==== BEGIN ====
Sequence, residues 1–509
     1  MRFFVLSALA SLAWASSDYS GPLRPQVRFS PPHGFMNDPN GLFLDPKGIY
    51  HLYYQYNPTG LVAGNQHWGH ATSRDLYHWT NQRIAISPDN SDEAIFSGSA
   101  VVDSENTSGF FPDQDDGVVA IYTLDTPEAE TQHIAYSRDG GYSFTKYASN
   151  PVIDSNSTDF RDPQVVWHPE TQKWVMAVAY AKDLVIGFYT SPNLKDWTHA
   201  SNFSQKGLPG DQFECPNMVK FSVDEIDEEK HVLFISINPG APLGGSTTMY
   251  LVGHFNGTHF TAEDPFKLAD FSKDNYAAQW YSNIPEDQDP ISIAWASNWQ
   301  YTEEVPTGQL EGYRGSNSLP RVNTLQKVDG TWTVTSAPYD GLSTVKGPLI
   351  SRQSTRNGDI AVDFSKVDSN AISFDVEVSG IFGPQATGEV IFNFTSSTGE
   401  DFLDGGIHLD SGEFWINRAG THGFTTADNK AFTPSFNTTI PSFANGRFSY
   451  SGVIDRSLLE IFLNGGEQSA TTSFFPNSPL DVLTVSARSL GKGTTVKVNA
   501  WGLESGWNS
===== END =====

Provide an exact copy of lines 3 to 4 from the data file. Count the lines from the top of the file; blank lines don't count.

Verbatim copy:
    51  HLYYQYNPTG LVAGNQHWGH ATSRDLYHWT NQRIAISPDN SDEAIFSGSA
   101  VVDSENTSGF FPDQDDGVVA IYTLDTPEAE TQHIAYSRDG GYSFTKYASN